Implosion of Water Treatment Tanks
What Makes Water Tanks Collapse?
The Wikipedia defines implosion as follows:
Implosion is a process in which objects are destroyed by collapsing (or being squeezed in) on themselves. The opposite of explosion, implosion concentrates matter and energy. True implosion usually involves a difference between internal (lower) and external (higher) pressure, or inward and outward forces, that is so large that the structure collapses inward into itself. An example of implosion is a submarine being crushed from the outside by the hydrostatic pressure of the surrounding water.
That’s what happened to the reverse osmosis tank pictured above. The tank, which at 24″ X 57″, is larger than it appears in the picture, is an 80-gallon “fiberglass” reverse osmosis tank. It imploded while in service in an office building in Ft. Worth, TX. The force of the implosion was so strong that the tank slammed against a wall and knocked a hole in the siding.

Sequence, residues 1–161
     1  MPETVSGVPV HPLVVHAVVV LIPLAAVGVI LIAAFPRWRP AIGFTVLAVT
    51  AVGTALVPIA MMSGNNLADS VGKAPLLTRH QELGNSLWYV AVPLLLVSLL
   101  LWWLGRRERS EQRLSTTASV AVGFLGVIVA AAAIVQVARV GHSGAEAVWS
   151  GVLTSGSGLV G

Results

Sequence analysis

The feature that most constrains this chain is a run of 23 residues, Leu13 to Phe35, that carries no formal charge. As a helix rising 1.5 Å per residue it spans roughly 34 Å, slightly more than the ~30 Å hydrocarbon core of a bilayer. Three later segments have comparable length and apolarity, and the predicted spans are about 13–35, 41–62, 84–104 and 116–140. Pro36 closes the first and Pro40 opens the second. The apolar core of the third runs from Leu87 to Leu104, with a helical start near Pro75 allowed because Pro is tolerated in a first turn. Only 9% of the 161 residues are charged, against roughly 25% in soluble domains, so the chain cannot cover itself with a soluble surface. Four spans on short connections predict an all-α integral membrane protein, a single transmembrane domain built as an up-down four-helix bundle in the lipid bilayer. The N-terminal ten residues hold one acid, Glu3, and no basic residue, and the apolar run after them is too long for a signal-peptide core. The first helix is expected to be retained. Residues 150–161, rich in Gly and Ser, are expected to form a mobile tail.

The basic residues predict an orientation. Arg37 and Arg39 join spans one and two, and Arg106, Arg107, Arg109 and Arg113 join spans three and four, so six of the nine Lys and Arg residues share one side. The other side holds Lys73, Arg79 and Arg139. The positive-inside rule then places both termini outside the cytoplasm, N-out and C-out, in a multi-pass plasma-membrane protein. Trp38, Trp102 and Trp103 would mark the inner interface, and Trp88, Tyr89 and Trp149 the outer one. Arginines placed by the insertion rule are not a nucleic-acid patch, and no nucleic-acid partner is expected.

Familiar water treatment tanks, including “mineral tanks” (the tanks that backwashing filters are made with), retention tanks, and well and reverse osmosis tanks, are usually called “fiberglass” tanks although they are actually composed of many plastic materials materials. These are at risk of implosion. That is because they are made to be very strong from the inside out so that they can withstand high water pressure, but they are not constructed to be strong from the outside in. Only minimal pressure caused by the development of a vacuum inside the tank can cause them to implode.
Fiberglass tank makers always exclude implosion from their warranties. The tank above shows why. Although the tank is large, it collapsed because of vacuum created by a small delivery pump.
Tank manufacturers also recommend installation with a vacuum breaker to prevent implosions. The tank in the picture was installed without a vacuum breaker. A vacuum breaker is a simple plumbing device that has a small plastic disk held in place by water pressure. When the pressure goes away, the disk falls and allows air to enter the pipe, breaking the vacuum and preventing backflow due to siphoning and implosion cause by atmospheric pressure.